Argonne was officially established in 1946 after Enrico Fermi and a team of scientists harnessed the first controlled and sustained nuclear reaction at the University of Chicago in 1942. Although Argonne encompasses a variety of scientific disciplines today, nuclear remains a large sector at the lab.

Laural Briggs, a nuclear engineer at Argonne, initially decided to pursue nuclear research because it would allow her to contribute to society by developing a reliable and economic source of long-term energy. Briggs decided to pursue nuclear research at Argonne because she would be able to focus on computational modeling and simulation, while learning about fields in nuclear she had less of a background in.

Argonne’s nuclear division does research in just about every aspect of nuclear power imaginable: advanced reactor design, fuel cycle and waste management technologies, nonproliferation and security, decontamination and decommissioning—the list goes on.

However, there are few as keenly aware of the slow pace of nuclear energy development in the U.S. than those working in the field itself.

“You do have to have the right personality that doesn’t expect immediate results,” Briggs said. She said many of her colleagues developing advanced reactor designs do not expect to see their work come to fruition in the U.S. before they pass away.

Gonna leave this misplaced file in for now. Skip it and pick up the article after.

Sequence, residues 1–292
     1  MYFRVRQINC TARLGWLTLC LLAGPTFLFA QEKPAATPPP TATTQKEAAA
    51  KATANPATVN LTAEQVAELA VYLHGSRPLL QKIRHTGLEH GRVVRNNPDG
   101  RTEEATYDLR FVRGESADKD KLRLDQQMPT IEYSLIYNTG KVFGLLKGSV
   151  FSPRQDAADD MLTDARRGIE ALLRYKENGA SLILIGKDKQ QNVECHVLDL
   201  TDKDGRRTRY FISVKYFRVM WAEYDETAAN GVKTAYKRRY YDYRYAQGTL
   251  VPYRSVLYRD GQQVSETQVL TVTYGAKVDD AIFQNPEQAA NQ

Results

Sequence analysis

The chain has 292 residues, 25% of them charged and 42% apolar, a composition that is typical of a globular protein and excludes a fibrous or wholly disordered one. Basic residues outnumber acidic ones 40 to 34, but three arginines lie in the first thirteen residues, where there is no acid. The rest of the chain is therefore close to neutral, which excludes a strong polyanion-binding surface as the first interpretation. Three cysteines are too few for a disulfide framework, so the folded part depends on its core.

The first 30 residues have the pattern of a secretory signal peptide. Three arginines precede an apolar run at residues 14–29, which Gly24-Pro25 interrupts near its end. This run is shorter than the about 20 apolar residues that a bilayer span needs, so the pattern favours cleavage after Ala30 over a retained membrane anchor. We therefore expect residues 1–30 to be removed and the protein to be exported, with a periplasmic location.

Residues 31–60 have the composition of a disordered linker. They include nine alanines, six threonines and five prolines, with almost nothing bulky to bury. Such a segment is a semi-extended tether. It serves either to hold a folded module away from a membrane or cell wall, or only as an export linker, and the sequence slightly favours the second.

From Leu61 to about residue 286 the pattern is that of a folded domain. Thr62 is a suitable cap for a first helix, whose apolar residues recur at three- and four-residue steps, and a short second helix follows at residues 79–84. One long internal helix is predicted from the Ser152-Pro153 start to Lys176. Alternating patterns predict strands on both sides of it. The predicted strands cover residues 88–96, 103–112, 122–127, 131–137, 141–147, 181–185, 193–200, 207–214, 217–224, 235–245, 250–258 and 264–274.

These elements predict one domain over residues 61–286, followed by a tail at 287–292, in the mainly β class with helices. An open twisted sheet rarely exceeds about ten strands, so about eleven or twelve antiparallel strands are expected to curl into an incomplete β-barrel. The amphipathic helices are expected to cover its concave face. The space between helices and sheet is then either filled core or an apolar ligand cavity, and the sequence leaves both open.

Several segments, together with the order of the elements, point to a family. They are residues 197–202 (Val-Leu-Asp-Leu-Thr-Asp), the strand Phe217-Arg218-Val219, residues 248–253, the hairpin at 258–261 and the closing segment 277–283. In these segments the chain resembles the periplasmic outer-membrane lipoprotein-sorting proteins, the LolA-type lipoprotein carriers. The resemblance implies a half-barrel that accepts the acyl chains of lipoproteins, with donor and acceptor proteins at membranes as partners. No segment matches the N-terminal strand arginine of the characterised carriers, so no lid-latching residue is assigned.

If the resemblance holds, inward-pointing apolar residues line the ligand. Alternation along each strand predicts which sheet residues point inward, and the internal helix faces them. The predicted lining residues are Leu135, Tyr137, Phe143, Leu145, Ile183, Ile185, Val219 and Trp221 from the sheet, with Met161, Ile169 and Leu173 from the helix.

“The frustration comes when you know the hold-ups aren’t necessary,” she said. Parties that bring nuclear “non-issues” to the public attention only slow the deliberate pace of an industry with high standards further, Briggs said.

“Politics of course affects [work] because our funding comes from the Department of Energy, and that comes from congressional budgets,” she said.

Communication between public officials and researchers to develop sound policy on nuclear is also limited, Briggs said. “Researchers do try to reach out and to communicate- how successful that is is another question. It’s something we would all like to see developed further.”

Electricity, jobs and money

Nationwide, nuclear power provides 20 percent of the country’s electrical generation, and has since 1990. Renewables, such as wind and solar, provide about 12 percent of the country’s electrical generation.